Feb 052012
 
Through Other Lenses: American Robotnik's Readings for February 2012

Articles and Blog Posts  "Paved but Still Alive" by Michael Kimmelman, New York Times, January 6, 2012 – How to take parking lots seriously as public spaces. "The US schools with their own police" by Chris McGreal, The Guardian, January 9, 2012 – Kids’ bad behavior gets increasingly criminalized; Foucault is laughing in his grave. "Five Things the Census Revealed About America in 2011" by Brookings, January 17, 2012 "The Caging of America" by Adam Gopnik, The New Yorker, January 30, 2012 – “Why do we lock up so many people?” […] Continue reading >

Feb 032012
 
Going and Winning, Immigrant-Style

Alina Simone’s critically (and, on occasion, uncritically) acclaimed collection of personal essays "You Must Go and Win," documents her circuitous path through music industry’s wilderness and the discovery of her Russian roots. You must go and read it. At the risk of overgeneralizing: Simone deadpans as perhaps only an Eastern European can; her voice engages as perhaps only an American storyteller’s is able to. Simone has been called "a frenzied, Eastern European musician’s version of humorist David Sedaris." Both Simone and Sedaris find humor in the banality of life; both are […] Continue reading >

Jan 202012
 
The Return to a Disappearing Childhood

When you live outside your country of origin, particularly if it’s overseas like, say, America, every trip ‘back home’ turns into a special occasion. If you’re Evgenia Arbugaeva, not only may it take 18 years to go back, it may also be the last time you see your home town. Tiksi is Arbugaeva’s ‘home home’ in Siberia, on the shores of the Arctic Ocean, at the true edge of nowhere. A former military and scientific base, Tiksi emptied after the Soviet Union fell apart. Arbugaeva returned after almost two […] Continue reading >

Jan 082012
 
Through Other Lenses: American Robotnik's Readings for January 2012

In this new, occasional American Robotnik feature, I’ll share articles shedding light on various aspects of American society and culture. The readings will have inspired me, informed my thinking and writing, or simply sparked interest in the issues they discuss. I also hope they’ll help you along your acculturation curve. Enjoy. “All the Single Ladies” by Kate Bolick, The Atlantic, November 2011 – On the crumbling institution of marriage and the rise of a single woman. “Why Craft Booze Is Booming” by Ken Walczak, GOOD, December 9 – Umm, because it’s delicious? “How American […] Continue reading >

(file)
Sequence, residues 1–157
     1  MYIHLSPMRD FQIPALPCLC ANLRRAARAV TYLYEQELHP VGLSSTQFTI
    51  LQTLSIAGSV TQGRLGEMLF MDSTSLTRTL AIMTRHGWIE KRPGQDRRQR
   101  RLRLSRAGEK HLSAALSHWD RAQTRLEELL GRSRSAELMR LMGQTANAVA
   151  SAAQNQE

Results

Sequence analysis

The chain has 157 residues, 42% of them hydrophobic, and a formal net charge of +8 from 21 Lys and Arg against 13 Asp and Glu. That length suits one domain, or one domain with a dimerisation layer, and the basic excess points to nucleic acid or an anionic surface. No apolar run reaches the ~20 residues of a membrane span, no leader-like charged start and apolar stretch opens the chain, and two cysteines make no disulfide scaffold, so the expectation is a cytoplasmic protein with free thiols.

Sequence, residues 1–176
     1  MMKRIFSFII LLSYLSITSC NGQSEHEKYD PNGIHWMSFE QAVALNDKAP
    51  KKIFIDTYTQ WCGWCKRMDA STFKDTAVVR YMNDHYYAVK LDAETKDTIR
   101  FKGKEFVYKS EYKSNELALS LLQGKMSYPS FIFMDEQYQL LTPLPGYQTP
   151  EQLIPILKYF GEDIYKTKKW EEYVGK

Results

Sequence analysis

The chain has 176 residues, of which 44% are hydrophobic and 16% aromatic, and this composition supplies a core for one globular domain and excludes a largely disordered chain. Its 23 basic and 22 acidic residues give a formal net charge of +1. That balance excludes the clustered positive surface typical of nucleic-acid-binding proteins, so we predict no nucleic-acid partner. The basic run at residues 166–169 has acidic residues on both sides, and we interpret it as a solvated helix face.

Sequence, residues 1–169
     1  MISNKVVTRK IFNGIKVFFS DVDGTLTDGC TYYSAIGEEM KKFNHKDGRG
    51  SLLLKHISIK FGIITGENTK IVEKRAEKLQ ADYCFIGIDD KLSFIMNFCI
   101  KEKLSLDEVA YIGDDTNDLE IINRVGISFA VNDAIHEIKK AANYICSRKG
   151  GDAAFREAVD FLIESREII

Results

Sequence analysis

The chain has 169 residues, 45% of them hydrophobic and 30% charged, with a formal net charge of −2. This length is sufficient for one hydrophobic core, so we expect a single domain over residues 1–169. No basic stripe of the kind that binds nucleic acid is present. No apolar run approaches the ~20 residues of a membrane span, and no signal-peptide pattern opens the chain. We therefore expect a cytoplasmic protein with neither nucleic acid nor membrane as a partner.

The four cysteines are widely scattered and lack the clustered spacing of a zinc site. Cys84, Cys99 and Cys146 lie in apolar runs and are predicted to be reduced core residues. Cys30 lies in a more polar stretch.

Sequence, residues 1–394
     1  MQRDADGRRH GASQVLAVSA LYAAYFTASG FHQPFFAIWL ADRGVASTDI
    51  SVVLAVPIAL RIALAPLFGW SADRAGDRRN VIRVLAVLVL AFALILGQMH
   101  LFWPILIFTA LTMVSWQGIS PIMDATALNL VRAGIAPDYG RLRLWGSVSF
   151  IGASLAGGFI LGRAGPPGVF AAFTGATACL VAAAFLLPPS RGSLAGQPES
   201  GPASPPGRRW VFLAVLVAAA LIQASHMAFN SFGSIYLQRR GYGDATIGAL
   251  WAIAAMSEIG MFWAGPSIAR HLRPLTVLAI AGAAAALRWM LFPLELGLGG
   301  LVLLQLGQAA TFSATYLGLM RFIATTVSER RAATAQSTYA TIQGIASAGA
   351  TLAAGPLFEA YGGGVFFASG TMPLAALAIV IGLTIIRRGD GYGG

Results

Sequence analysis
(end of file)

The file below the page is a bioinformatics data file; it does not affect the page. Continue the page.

Dec 222011
 
Christmas in America: Happy Birthday, Jesus

They say Christmas in the U.S. begins the day after Thanksgiving, on Black Friday. Consider, then, for a moment, the people whose devotion to Christmas extends into much of their year and whom Jesse Rieser has photographed for his series, “Christmas in America: Happy Birthday, Jesus”: Beyond the glowing green and red lights, past the shimmering silvery tinsel, around the fragrant pine boughs, another Christmas lingers, a Christmas of contradictions. This Christmas is complex and at times, uncomfortable. It’s awkward and sometimes bleak. But it is also sincere and celebratory, colorful and creative. […] Continue reading >

Dec 132011
 
Roma Journeys to the Blue Sky

Portland’s Blue Sky Gallery has been on my radar screen since I discovered that it occasionally features photographs from Central/Eastern Europe. Over the past few years, I’ve seen, for example, Julie Denesha’s “Outcasts of Slovakia” (June 2009), Evžen Sobek’s “Life in Blue” (Czech Republic, May 2011), and Dana Popa’s “not Natasha” (Romania/Moldova, October 2011). Showing at Blue Sky Gallery in December, Joakim Eskildsen’s “The Roma Journeys” takes up where Julie Denesha left off. “The Roma Journeys” at Blue Sky is a selection from more than 300 images Joakim Eskildsen compiled on his travels through […] Continue reading >

Dec 072011
 
Crossing Borders for Love or Business

Two recent issues of The Economist featured articles exploring international marriage and diaspora business networks. Let’s take a look at each article from American Robotnik’s perspective. International Marriage and You Most Central Europeans I know in the U.S. (“my generation”) have come or stayed because of love and its legal expression, marriage. In “Herr and Madame, Señor and Mrs”, the thrust of the argument is that even though they’re tricky to define and data are scarce, international marriages are on the rise because “they reflect—and result from—globalization”. The U.S. […] Continue reading >